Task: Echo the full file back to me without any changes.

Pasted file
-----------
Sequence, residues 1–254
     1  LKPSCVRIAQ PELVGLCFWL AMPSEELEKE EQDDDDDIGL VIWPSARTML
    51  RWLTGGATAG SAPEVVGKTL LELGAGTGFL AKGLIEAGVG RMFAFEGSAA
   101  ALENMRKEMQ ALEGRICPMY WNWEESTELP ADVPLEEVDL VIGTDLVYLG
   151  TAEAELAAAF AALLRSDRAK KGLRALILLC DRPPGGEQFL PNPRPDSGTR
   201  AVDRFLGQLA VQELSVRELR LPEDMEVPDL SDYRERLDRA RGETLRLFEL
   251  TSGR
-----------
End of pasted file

Sequence, residues 1–254
     1  LKPSCVRIAQ PELVGLCFWL AMPSEELEKE EQDDDDDIGL VIWPSARTML
    51  RWLTGGATAG SAPEVVGKTL LELGAGTGFL AKGLIEAGVG RMFAFEGSAA
   101  ALENMRKEMQ ALEGRICPMY WNWEESTELP ADVPLEEVDL VIGTDLVYLG
   151  TAEAELAAAF AALLRSDRAK KGLRALILLC DRPPGGEQFL PNPRPDSGTR
   201  AVDRFLGQLA VQELSVRELR LPEDMEVPDL SDYRERLDRA RGETLRLFEL
   251  TSGR